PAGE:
Parents of primary students at Jack Hulland Elementary School have been left with questions after French lessons available to the younger students were cancelled, at least for the time being.
Sarah Vigneau, a mother to a Grade 2 student at the school, said she received a letter from the school near the beginning of the month, stating that “in light of the emergence of a parental concern with this ongoing approach to instruction, a decision has been made to stop the use of French in Physical Education classes from Monday, Oct. 7 to Friday, Oct. 18 inclusive.”
The letter goes on to note there will be a meeting that will include the concerned parent, school council, school administration and the Department of Education to determine if any French instruction will be available for primary students.
“A decision will be made on or before 18th Oct. as to how to move forward with this aspect of our programming.”
That date has come and gone and students are still not learning French in their gym classes.
For Vigneau, and other parents she has spoken to, that raises a long list of concerns and questions she hasn’t been able to get answers to.
As she pointed out, the French instruction in the gym classes is pretty basic, but allows students to become familiar with the language before formal instruction begins in later grades.
“It’s not a huge part of the day,” Vigneau said.
Vigneau said it will be more difficult for students when they start learning French in formal classes without having the gym class as a primer.
According to the letter, the school decided in 2004 to end formal French classes to primary students and instead “begin the use of instruction partially in French for some primary physical education classes at the school dependent on the French skill level of the teacher.”
Through that, students learned basic greetings, basic actions, numbers and colours in French with the intention of enhancing the development of students’ linguistic abilities while also providing the physical education curriculum.
Vigneau said ideally she would like to see more French instruction at the school for primary students, but the gym class at least provided some basics a few times a week.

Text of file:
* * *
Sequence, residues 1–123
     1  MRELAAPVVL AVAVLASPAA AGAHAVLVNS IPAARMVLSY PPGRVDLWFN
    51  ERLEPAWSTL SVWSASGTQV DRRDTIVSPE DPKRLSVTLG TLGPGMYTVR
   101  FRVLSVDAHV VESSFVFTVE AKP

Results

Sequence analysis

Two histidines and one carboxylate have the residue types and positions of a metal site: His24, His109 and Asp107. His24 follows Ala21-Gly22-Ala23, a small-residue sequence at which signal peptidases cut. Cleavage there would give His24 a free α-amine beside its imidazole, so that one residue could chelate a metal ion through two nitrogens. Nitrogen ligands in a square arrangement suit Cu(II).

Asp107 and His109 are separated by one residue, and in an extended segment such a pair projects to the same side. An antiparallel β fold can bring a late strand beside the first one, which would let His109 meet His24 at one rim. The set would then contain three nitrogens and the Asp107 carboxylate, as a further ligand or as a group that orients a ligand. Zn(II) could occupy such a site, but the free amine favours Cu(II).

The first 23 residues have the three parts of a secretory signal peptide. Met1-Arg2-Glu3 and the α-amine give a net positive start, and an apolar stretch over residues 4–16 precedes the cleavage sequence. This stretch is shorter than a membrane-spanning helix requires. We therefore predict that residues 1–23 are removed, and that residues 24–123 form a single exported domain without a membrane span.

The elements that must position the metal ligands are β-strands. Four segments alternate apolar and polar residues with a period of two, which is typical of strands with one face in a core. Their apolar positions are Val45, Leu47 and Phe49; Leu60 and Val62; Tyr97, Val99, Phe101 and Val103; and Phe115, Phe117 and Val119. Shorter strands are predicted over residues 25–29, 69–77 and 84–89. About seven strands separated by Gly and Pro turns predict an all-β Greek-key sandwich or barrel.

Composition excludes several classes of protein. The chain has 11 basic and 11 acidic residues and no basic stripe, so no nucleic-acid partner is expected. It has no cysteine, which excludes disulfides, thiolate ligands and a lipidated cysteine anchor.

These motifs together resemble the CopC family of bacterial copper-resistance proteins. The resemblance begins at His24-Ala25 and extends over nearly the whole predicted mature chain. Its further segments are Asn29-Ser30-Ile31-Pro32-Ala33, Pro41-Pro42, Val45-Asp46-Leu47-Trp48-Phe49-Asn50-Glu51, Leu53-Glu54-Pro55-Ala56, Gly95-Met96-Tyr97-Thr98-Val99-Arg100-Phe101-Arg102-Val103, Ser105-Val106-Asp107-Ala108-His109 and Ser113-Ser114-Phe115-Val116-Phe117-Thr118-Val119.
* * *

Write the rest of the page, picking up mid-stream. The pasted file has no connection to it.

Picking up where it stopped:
The situation leaves her wondering how one complaint can stop the primary French programming for all.
“There’s no explanation as to why they stopped it,” she said.
The gym classes have continued, but are being delivered entirely in English.
Vigneau said she has contacted the school and was told to get in touch with school council.
It was then she was informed the meeting was being rescheduled. As of Oct. 23, to Vigneau’s knowledge, it had not happened.
She was also told the meeting would not be open to other parents. No reason was given.
Speaking with other parents about the situation, she said a lot are confused and wondering why they would pull the French language instruction entirely.
Department of Education spokesperson Jason Mackey said the complaint was centered around instruction in the physical education class “that resulted in a lack of access to core physical education for a student.”
He went on to note that core French curriculum begins in Grade 5 except in French Immersion and Intensive French programs.
“The school made a temporary change to allow for the school and school council to work with the parent through the dispute resolution process,” Mackey said. The meeting is part of the dispute resolution process between the parent, school council chair, school administration and superintendent.
Because it is part of the dispute resolution process between those who raised the concern, the school and school council the meeting is closed to others.
Questioned whether there are alternative plans to allow for French instruction to continue for primary students at Jack Hulland, Mackey replied: “The Department of Education supports schools in offering a diverse and inclusive education. We provide support to school communities to work through these types of issues.
“In this case, we are sharing more information about programming requirements, guidelines and options to meet the diverse needs of the students at the school to support these conversations at the school level as they work through the dispute resolution process established by their School Council for their school community.”
Parents are encouraged to bring concerns forward to their school or school councils, he said.
Contact Stephanie Waddell at firstname.lastname@example.org